So what does that all mean?
What can I do better when talking about the above points? How can I avoid the negative and reinforce the positive?
The most important thing first. If I want to change my organization, I should consider whether agile project management methods are generally the right ones for the change part (ie the projects). If I am not better off looking from project to project - where am I on the complexity matrix? - and then deciding which approach to choose. Predictive, incremental, iterative, whatever.
All in all, agility is certainly a good thing - as long as I am using it for the right problems. And it's not outdated (even if agile project management methods are much older than the trend would have us believe). But maybe there is no one-size-fits-all when it comes to project management. And so maybe it is time for something new again. This time, not something different, but something better.
What good teams have in common with good bands.
As a trained guitar player I love some good jazz. Well, I love all kinds of music. But even those who are not much into jazz music at all, have to admit that they are astonished when musicians seemingly effortlessly deliver the wildest improvisations. But what is behind this genius? Dark arts? It is said that Jimi Hendrix never had a single music lesson in his life. So is it all talent? Or is there more than just pure musical sense? And what does all this have to do with teams?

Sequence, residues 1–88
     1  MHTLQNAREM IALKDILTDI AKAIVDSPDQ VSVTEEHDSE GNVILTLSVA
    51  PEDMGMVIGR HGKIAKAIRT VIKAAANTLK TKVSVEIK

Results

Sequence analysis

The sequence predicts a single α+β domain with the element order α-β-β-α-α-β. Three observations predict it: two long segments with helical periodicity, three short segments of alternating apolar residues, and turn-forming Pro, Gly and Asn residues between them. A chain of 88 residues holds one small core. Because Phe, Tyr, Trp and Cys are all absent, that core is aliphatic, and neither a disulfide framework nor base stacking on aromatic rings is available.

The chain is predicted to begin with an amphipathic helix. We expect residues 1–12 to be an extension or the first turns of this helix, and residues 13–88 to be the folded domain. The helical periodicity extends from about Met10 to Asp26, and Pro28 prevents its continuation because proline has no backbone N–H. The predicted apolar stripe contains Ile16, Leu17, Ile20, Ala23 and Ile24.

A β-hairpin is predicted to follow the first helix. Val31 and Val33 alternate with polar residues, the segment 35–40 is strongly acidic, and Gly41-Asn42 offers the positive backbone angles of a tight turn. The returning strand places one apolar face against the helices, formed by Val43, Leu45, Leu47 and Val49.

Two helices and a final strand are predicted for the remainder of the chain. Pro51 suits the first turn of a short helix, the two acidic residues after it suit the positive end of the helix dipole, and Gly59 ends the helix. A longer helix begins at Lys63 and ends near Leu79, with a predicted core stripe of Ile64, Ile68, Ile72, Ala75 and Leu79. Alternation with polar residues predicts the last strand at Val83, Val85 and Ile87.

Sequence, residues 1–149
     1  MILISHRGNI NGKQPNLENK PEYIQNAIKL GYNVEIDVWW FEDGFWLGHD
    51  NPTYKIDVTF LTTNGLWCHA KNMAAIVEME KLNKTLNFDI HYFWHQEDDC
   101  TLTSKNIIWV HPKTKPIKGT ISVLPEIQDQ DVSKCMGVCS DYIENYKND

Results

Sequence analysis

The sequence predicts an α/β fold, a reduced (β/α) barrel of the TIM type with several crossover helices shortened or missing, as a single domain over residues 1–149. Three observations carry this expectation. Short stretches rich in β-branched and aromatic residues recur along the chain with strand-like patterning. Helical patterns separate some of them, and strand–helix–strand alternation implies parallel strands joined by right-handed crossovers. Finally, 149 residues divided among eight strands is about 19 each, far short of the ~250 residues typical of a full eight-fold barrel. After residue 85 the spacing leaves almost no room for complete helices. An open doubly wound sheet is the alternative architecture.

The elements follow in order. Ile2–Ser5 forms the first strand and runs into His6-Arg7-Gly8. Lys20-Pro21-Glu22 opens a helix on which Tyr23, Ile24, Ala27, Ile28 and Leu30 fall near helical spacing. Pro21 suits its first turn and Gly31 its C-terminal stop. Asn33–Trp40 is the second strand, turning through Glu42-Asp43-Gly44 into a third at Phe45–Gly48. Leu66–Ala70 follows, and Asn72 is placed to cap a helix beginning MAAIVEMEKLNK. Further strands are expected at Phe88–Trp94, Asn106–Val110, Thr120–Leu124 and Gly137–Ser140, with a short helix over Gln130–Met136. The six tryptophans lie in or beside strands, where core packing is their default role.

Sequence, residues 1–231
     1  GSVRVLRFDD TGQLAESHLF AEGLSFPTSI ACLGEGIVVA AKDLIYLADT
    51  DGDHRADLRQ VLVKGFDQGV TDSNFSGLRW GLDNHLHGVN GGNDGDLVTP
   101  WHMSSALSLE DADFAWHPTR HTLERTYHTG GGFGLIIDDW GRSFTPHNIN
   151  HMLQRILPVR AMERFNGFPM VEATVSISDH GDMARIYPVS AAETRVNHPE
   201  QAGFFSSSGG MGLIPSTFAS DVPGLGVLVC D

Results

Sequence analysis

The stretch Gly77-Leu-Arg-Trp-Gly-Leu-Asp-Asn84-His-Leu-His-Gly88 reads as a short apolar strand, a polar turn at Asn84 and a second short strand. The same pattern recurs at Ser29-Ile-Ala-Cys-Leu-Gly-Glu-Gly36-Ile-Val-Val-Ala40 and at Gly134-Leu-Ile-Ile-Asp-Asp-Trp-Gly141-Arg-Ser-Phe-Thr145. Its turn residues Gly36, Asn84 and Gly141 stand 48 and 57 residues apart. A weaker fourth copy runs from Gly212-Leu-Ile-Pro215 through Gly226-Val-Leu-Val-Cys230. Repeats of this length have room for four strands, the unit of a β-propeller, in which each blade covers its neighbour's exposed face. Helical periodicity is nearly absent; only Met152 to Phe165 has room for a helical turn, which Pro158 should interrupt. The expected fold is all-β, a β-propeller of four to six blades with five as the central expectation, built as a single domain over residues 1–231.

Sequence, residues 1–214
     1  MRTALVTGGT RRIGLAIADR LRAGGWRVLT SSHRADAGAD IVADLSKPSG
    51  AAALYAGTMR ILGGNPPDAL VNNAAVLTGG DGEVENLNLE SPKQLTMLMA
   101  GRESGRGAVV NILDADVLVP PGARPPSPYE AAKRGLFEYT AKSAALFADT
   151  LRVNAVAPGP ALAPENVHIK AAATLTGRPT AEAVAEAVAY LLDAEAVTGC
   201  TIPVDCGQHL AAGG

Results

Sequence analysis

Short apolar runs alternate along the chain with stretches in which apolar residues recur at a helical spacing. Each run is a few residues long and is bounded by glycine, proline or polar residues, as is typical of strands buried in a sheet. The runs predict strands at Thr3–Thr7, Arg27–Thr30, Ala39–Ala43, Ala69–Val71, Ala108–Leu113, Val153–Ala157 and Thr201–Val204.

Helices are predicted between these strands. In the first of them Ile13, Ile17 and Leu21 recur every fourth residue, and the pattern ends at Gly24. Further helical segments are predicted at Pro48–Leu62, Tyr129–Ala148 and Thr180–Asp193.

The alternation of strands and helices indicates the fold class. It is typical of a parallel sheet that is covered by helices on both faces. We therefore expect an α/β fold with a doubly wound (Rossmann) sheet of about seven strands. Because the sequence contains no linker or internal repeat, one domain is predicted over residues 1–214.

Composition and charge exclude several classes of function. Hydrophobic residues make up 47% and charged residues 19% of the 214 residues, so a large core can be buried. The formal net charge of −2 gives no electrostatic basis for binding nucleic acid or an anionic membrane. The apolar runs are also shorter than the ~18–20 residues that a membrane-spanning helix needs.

First, let's clarify what jazz improvisation - or generally improvisation in music - actually is. Improvisation is when one or more people make music without previously written down fixation. That is, the played notes and melodies arise spontaneously.
Again, what does that have to do with teams?
In our daily project work, we are experiencing this every day. This interaction of people, which has not previously been fixed. And even if our planning is good and detailed and almost perfect - at the implementation level we are owing much to the spontaneous ideas and inspirations of individuals.
And here is our big 'but'. As in making music, this is only working when the people involved know exactly what they are doing, and are prepared well.
Learning from the best